At home in the hospital |

At home in the hospital

Geraldine Haldner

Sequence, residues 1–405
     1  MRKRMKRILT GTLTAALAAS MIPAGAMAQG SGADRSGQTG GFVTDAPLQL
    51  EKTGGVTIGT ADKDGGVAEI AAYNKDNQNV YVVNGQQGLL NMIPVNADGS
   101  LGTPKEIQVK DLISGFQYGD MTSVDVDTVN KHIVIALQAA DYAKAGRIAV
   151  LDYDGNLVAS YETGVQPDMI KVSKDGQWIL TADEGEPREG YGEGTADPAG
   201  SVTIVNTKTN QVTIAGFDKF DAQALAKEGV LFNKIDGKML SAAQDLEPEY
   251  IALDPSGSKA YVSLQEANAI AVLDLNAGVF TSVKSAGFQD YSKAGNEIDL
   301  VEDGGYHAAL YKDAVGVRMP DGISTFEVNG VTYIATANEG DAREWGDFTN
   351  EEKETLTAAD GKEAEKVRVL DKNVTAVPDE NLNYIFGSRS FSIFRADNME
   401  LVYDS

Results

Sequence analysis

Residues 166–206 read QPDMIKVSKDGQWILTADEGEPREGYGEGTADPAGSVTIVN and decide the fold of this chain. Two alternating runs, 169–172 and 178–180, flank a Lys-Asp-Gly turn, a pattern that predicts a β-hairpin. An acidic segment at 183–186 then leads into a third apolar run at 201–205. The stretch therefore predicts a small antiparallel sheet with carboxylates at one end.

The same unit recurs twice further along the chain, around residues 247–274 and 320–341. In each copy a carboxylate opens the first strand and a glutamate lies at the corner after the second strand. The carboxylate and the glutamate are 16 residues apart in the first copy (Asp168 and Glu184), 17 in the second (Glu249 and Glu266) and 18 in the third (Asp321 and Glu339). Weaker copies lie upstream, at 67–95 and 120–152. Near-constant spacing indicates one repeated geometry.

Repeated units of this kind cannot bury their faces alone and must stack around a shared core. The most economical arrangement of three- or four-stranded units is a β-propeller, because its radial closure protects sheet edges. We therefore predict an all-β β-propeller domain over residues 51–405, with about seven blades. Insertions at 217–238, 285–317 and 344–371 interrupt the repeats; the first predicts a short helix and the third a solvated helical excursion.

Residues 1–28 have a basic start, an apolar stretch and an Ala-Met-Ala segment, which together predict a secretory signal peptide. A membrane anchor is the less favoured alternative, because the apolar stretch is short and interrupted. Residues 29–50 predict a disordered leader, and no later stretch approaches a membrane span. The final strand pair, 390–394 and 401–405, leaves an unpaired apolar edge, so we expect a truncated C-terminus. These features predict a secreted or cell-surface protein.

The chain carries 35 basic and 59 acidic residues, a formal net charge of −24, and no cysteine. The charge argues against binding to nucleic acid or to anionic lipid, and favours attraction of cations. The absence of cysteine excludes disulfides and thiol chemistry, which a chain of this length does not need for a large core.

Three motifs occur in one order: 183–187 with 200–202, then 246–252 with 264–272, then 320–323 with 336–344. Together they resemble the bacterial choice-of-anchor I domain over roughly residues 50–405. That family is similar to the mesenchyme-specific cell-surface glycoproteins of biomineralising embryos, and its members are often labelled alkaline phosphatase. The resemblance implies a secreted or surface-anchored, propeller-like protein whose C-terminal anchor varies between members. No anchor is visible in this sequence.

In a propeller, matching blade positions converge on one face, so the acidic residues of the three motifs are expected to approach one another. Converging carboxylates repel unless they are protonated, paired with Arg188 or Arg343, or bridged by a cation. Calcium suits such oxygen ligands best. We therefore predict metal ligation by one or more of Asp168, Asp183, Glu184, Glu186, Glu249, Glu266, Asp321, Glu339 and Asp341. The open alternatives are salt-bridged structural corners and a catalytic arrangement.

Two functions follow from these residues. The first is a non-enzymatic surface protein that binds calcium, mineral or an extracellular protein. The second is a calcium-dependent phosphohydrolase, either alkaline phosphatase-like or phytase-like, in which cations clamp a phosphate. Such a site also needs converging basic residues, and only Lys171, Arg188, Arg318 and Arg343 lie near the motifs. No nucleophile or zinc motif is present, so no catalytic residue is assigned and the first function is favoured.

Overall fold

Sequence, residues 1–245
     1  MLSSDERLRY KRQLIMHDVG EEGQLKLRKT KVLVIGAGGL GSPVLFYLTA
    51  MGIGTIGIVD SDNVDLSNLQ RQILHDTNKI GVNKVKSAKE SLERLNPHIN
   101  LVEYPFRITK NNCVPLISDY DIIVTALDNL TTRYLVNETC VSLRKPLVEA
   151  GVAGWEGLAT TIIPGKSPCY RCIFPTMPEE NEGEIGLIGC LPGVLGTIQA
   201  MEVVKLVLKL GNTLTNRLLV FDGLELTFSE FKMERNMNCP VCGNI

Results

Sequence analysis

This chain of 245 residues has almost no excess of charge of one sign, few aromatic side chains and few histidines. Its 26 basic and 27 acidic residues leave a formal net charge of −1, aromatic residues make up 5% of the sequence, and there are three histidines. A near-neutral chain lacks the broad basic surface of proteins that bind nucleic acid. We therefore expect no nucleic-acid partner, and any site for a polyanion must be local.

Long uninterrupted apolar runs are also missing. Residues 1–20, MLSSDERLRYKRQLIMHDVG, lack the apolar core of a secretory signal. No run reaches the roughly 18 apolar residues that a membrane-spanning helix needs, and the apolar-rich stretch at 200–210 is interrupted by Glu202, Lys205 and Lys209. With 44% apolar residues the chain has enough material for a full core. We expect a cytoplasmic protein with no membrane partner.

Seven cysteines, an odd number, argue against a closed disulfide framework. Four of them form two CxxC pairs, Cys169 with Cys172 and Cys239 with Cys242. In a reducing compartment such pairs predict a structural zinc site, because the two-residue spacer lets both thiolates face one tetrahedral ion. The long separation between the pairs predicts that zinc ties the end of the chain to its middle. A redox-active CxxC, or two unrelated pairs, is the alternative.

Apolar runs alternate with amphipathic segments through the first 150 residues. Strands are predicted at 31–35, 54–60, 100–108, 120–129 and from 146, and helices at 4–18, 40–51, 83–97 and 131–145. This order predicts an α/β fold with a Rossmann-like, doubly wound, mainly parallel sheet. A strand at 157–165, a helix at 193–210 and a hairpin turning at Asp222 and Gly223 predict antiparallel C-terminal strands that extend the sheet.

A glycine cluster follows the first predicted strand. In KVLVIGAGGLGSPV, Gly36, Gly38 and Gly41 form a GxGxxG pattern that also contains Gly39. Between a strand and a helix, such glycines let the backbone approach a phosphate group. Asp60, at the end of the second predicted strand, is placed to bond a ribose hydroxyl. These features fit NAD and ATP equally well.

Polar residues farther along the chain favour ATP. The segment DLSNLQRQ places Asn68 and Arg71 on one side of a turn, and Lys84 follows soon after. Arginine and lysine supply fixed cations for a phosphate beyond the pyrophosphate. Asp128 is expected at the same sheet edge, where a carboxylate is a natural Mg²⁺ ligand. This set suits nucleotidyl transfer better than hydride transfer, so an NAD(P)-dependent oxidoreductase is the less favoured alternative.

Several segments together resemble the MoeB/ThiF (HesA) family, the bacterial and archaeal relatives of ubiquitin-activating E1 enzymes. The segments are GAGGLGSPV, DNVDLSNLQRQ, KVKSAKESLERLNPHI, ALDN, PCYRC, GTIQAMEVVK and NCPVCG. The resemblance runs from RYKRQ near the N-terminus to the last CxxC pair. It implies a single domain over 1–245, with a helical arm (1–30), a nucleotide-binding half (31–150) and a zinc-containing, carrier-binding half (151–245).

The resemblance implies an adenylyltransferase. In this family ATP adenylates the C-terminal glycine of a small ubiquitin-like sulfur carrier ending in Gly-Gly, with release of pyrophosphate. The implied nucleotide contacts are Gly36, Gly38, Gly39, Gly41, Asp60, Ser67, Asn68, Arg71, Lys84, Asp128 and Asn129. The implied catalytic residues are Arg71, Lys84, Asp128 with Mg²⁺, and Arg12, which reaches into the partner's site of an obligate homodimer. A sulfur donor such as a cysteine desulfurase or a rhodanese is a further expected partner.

But the environment in which she will give birth is surprise enough for now, she said, as the glowing 31-year-old Slifer, Smith & Frampton employee enters her third trimester – the final sprint to impending motherhood.”Oh wow,” she exclaimed during a recent, unofficial preview of the Vail Valley Medical Center’s newest addition – a $7 million Woman and Children’s Center, dedicated to making giving birth a homey, as well as medically state-of-art, experience.Mays, whose belly is nicely rounded and whose pregnancy has been “very easy and uneventful” so far, was wowing at one of the giant whirlpool bathtubs in one of the seven fully-private labor-delivery-post-partum rooms on new obstetrics floor.”This is beautiful,” she said, viewing a room, kept in subtle green hues, that resembles nothing of those sterile, fluorescent-lit rooms women usually associate with labor.”I don’t really like hospitals; this is like a hotel,” she said, giving a new state-of-the art rocking chair a test sit in front of a wall-to-wall window with sweeping views of Vail Mountain.”This needs to be broken in a bit,” she said with a smile before being told the rocker is made that way to aid healing of C-section incisions while still giving a newborn the comfort of rocking motions.Indeed, the room is a study in technological niftiness and visual comforts, even as construction workers in hard hats clear out the last of construction debris after 12-months of construction. There is a 27-inch television, storage for clothes and personal affects, a “family area” complete with a pull-out couch and table, and art work hiding things like electrical outlets.More importantly, the rooms – kept in hues of burnished barn-red, soothing blue and a softly-faded green – are full-fledged delivery rooms, brimming with wires, hook-ups, fetal monitors and all the essentials needed to ensure a safe birth.Only the ugly and sometime unsettling beeping monitors, tubes and lights are hidden in tasteful cherry-wood trimmed armoires and cabinets – out of sight for piece of mind, or pulled out, lowered from the ceiling or rolled out in a flash, if a mother or child needs modern medicine’s monitoring gadgets.The theme continues in the new wing’s four patient rooms, used for post-birth procedures or for moms who stay with babies who suffer from complications.A large waiting room with comfortable furniture and toys beckons extended family members to relax in browns and bronze tones – a far cry from the green vinyl-bench next to the snack machine in a hallway full of medical equipment and running nurses.An open nurses station and entrance to the center spell out tranquility in yellows, beiges and blues.”We wanted to bring a feeling of a spa with the wood tones and the subtle textures to help define that feeling of quiet comfort, instead of promoting high anxiety,” said Margie Snow of Gullan Snow & Associates, a Denver-based design firm specializing in interior decorations for medical and corporate facilities.In a 12-month process, Snow said, the hospital staff and the design team, at the direction of Christie Philopoulos, came up with a concept that “got a little bit daring, going towards the residential feel and staying far away from the typical hospital look of pinks and blues, coming up with something more sophisticated.”The colors and textures, from wood-like floor coverings to art pieces, were selected “to create a real sensual effect of texture and subtle colors and harmony,” Snow said. “Giving birth is not cheap, and a lot of expectant mothers nowadays consider coming down to Denver to get the quality of care and luxury of space. Our goal was to create a facility that can compete with that.”Mary McClure, VVMC’s chief registered nurse of obstetrics, has no doubts this new wing will be loved by anyone in it – mothers, family, doctors and nurses.”The philosophy is to be a family-care facility,” said McClure. “Our aim is to take care not only of the mom and the baby, but the brother, the sister the dad.”McClure, who has worked in nursing for 20 years, is in awe herself while walking the new wing at a nurse-typical brisk pace.”We think we’ve died and gone to heaven,” she said, demonstrating the many hidden wonders that seem to be part of each aspect of the birthing center.”This is built based on the family that essentially wants a home birth,” she said, showing off the nursery, a bright, friendly room with a large viewing window and fronted by a nurses’ station, to ensure security.”At the same time we have the safety and security of a hospital,” she explained.The open nurses station and an isolation room just off the nursery – along with an interconnected operating room dedicated to C-sections – make the facility a place “that the staff, the client and the physician are going to be very happy in,” she said, pointing out that a nurse assigned to care for a sickly baby “won’t feel so isolated.” At the same time, the nurse can work in an area that is completely sterile. The nursery, meanwhile, will accommodate babies of any status based on where they are placed in the nursery.New locker rooms, equipped with a fetal monitoring station, will allow nurses to relax in a no-nonsense but comfortable lounge away from clients – while still on alert for when emergencies arise.Most importantly, the new wing won’t just ensure a family’s peace of mind, it will allow the hospital to upgrade the level of care it can give.For example, instead of sending between two and 12 babies a month to Denver because of early delivery, low birth weight or other complications, McClure said, the new center will be able to keep more babies in Vail. After all, births here have doubled over the last 10 years, to as many as 300 births per year, said to VVMC spokeswoman Deb Schalm.VVMC’s 14,000-square-foot new Women and Children’s Center will open Sunday with a ribbon-cutting ceremony and tours from 9 a.m. to noon.Anyone registering for a tour will have a chance to win a $1,000 savings bond, donated by WestStar Bank.Mays who said she isn’t nervous yet – but will likely be a “bit anxious” when her due date draws nearer – looks forward to her temporary new home away from home during the hours of delivery.”This is so relaxing. I’d like to hang around this place for a while,” she said, giving the rocking chair another nudge.Vail Valley Surgical Center to offer wide variety of servicesAnother new, $7 million addition to the Vail Valley Medical Center is soon to make Vail a destination for more than skiing.Some people may come just to get their injured knees fixed, ailing back relieved, sagging buttocks tucked or infected tonsils removed.The completely free-standing, yet integrated Vail Valley Surgical Center – slated to open in concert with the hospital’s new Women and Children’s Center, a subsidiary of the Steadman Hawkins Medical Center – will accommodate just about any out-patient surgical procedure.The for-profit addition to the Vail hospital campus features three operating rooms, filled floor-to-ceiling with state-of-the art equipment to efficiently operate and communicate worldwide and even document every move to healing.For review and education – or perhaps just to take home – a DVD disc can me made of each procedure. High-speed Internet access, two-way video conferencing and other communication tools of the newest generation allow doctors to consult with other doctors or experts, regardless of their location.Three new operating room also feature the latest and greatest medical equipment in terms of technology. Bob Patton, administrator of the new facility, says it will allow VVMC to carry out as many as 12,000 surgical procedures per year – though only about 3,000 are expected the first year.The surgical center is fronted by a private check-in area, allowing patients to go under the knife far from the hustle and bustle of the hospital.”They’ll duck in here, get checked in, operated on and are on their way,” says Patton.Privacy and efficiency will attract those looking to guard their anonymity – celebrities of any kind, but efficiency and state-of- the art equipment will attract patients of any economic background, says Dr. Jim Silliman, CEO of the new center and a member of the Steadman Hawkins Medical Center Foundation.”Some of these patients will be special personalities,” says “Mr. Doctor” – code for an administrative doctor who has been practising medicine for two decades – while standing in a spotless, gleaming operation room. “Some will be soccer players, whose agents hover either here or via the communication links. But the great majority will be ski bums, normal people. We care for all-comers.”The isolated setting near the hospital is advantageous in one major way, Patton says: Patients under the knife, in the event of an unforeseen emergency, can be transferred to the intensive care unit of the hospital.”I don’t think any other town of Vail’s size has a medical facility like this one,” says Silliman.”There are no wires and cables to trip over,” says the orthopedic surgeon, who has been performing surgical procedures for the past 15 years. “This is unbelievable technology in an amazing environment.”